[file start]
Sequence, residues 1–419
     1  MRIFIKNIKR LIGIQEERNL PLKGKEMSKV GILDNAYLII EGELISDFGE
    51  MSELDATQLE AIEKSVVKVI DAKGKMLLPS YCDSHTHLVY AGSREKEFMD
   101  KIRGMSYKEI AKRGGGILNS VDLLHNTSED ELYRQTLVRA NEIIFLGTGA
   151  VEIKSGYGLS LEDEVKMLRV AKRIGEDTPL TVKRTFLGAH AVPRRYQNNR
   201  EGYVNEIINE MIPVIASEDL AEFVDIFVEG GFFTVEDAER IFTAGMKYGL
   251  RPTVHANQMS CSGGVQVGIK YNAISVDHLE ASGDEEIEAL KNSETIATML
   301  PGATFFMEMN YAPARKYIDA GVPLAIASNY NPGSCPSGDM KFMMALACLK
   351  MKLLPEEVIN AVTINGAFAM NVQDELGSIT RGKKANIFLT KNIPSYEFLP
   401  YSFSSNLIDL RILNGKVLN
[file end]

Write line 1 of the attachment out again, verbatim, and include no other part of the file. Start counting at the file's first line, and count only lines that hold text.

Sequence, residues 1–419